What is a summary of Chapter 9 of Roll of Thunder Hear My Cry?
After the children have become alienated from T.J. who has spitefully caused their mother her position as a teacher at the Great Faith Elementary and Secondary School, they are eager to work in their fields again as Spring approaches. Jeremy Simms, who meets the Logans at the end of his forest trail on his walk to school complains that he will miss Cassie and Stacey. Then, he suggests, "Maybe I can come over to see y'll sometime." But, Stacey knows this would not work. "Don't think Papa would like that." Cassie wonders aloud how Jeremy can be lonely with so many siblings, but Jeremy replies that the small ones are too young to play with, and Lillian Jean, R.W., and Melvin are not to his liking.
When Jeremy lets it slip that T.J. is running around with his older brothers, Stacey questions him, especially when Jeremy says that they do not treat T. J. "right" as they talk badly of him after he leaves. Later, Cassie asks her mother as they make cornbread why the white boys would let T.J. run around with them; she tells her daughter,
"Some folks just like to keep other folks around to laugh at them...use them."
Here there is some foreshadowing as Cassie then asks why T. J. does not realize that the Simms boys are ridiculing him, and her mother says that T. J. probably craves the attention of the older white boys. Just then, a car pulls up and Mama goes to see who it there. It is Mr. Jamison who asks where her husband is and soon goes across the field to talk to David Logan.
After the school year is over, Cassie notices that her father seems reluctant to leave for his job on the railroad. In fact, Papa tells the family,
"Sunday I'm gonna have to go. Don't want to though. I got this gut feeling it ain't over yet. It's too easy."
He is speaking about the boycott of Wallace's store and the conflict this has caused. Shortly, Mr. Avery comes over and informs Papa that he does not want anything in Vicksburg because Mr. Granger threatens to cut his sharecroppers percentage if he does shop at the Wallace's store. He and Mr. Lanier apologize and depart. Afterwards, Cassie calls them cowardly, but her father explains that they have to support their families and cannot afford to take a cut in their percentages.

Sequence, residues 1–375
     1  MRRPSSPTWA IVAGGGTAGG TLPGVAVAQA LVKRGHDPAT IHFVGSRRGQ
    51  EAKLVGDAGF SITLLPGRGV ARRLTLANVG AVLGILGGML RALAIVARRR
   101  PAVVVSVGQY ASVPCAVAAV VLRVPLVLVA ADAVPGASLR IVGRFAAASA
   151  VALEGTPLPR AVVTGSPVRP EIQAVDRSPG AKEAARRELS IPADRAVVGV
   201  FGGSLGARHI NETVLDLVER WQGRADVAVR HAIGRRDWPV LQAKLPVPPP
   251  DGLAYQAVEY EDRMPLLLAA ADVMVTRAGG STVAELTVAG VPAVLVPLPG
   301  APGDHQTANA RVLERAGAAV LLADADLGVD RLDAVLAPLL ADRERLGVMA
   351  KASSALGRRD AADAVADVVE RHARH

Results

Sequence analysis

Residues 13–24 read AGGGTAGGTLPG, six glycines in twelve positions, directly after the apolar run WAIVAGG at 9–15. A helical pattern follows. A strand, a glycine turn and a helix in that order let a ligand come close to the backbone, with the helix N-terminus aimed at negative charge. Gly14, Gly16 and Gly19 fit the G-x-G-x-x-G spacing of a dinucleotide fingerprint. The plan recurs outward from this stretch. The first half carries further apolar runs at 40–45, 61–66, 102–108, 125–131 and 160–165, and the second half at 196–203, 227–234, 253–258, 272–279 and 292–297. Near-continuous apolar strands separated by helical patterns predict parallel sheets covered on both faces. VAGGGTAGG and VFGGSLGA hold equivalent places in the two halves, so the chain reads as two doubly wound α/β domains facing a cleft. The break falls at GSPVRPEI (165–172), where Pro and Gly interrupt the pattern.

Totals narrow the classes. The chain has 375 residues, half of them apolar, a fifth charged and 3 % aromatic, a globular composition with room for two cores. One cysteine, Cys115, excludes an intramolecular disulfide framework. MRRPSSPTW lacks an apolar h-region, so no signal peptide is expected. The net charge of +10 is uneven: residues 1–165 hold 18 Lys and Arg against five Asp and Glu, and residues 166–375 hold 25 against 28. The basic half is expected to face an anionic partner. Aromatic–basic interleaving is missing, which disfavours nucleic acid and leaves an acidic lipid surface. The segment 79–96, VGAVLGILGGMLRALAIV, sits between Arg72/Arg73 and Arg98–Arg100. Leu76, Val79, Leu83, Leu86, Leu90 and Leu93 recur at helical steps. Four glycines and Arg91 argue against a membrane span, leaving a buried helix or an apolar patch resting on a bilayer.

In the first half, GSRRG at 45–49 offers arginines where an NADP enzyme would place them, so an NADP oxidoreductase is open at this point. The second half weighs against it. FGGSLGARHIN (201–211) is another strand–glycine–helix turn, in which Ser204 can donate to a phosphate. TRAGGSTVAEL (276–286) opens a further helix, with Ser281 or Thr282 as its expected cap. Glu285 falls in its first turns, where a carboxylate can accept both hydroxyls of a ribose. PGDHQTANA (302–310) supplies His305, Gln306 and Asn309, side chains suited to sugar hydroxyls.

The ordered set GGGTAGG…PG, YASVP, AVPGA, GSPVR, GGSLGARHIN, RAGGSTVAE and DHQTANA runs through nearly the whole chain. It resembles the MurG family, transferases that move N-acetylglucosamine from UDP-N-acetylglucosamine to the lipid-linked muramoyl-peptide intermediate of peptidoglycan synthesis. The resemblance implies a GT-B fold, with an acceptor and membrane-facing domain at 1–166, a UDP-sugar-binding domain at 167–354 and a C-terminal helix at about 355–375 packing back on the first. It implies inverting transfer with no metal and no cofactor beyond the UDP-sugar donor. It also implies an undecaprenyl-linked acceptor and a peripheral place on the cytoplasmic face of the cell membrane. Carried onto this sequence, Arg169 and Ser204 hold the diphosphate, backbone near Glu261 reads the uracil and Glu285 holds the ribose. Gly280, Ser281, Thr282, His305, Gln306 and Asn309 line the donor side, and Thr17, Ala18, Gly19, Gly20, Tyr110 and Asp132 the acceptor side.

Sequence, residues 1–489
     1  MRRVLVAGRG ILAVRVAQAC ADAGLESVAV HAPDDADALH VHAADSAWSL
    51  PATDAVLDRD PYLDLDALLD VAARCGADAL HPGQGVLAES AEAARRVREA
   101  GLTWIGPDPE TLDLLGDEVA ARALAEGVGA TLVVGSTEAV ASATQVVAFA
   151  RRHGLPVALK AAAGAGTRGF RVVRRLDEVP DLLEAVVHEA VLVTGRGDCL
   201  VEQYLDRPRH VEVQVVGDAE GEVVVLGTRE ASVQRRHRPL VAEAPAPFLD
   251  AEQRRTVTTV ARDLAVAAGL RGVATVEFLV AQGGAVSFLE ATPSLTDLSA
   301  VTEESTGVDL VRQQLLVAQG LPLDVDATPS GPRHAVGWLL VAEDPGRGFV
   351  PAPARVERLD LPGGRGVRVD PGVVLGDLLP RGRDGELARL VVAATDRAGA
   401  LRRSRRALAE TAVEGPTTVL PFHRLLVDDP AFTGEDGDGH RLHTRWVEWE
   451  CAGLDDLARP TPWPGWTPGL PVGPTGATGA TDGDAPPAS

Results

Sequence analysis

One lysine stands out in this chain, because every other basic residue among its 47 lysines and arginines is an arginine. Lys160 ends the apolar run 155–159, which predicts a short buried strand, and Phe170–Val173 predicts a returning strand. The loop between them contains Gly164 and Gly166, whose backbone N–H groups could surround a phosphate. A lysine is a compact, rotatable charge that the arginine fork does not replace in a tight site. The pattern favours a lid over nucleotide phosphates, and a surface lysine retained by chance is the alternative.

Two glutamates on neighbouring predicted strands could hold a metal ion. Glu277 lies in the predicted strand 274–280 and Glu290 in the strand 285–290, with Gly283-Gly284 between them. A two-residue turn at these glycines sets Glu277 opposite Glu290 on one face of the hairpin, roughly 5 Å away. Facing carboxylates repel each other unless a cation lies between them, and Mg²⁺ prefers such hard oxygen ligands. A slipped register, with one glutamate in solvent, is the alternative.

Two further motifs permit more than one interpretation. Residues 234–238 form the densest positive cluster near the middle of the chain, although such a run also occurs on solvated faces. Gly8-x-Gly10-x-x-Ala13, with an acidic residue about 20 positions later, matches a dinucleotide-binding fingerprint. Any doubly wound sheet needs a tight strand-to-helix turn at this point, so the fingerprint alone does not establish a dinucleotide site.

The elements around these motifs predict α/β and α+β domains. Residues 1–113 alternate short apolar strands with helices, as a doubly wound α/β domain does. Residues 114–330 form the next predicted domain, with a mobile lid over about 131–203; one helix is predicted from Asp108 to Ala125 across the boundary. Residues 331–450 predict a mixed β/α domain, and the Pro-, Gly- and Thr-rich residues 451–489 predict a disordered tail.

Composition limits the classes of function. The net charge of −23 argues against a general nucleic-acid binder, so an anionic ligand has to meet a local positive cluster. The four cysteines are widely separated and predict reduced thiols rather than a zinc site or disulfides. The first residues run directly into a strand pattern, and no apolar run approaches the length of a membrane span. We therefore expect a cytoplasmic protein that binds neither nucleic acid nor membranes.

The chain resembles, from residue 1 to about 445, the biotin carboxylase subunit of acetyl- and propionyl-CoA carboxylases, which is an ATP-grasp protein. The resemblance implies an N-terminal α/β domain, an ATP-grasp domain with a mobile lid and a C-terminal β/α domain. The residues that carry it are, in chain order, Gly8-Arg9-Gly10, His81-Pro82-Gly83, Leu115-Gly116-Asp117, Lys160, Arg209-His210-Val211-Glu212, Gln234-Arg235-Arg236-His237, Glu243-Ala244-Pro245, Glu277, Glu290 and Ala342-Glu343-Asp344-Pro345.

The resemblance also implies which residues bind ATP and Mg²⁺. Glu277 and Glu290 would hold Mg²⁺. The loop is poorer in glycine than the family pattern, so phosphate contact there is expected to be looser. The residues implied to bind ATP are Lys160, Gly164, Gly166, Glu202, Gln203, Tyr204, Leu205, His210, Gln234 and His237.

The next day, Papa and Stacy leave for Vicksburg to shop for the remaining seven boycotters despite Mama's misgivings. When they do not return until late in the rainy night, Papa has been badly injured. His head is wrapped in a rag, bloodied from his injury, and his leg has been broken. As Mama and Big Ma and Mr. Morrison attend to Papa, Cassie coaxes the story out of Stacey. He tells the other children that the wagon wheels came off on the way home. Since there was not time to unload the wagon, Mr. Morrison lifted it while Papa put the wheel back on. However, as he did so, a shot rang out; Papa fell and the frightened horse pulled the wheel over on his leg.
Stacey cries that all is his fault because he could not hold the horse steady and prevent the wagon from moving. But, Cassie blames the men who shot at Papa. Continuing his tale, Stacey says that Mr. Morrison fought the white men, throwing one down hard upon the road, and running into the dark. When another man came around the wagon, Stacey says he heard the bone break. There emerged a man who picked up the thrown man while the man with the broken arm appeared, as well, and they all got into a truck and left.
"Then what?" Little Man inquired.
"Nothin'. We put on the other wheel and come on home," Stacey replies.
At this conclusion, the children's worries turn to their father. Mama tells them he is asleep, not dead. Still, the children are anxious and watch the closed door to Papa and Mama's room, hoping morning will soon come.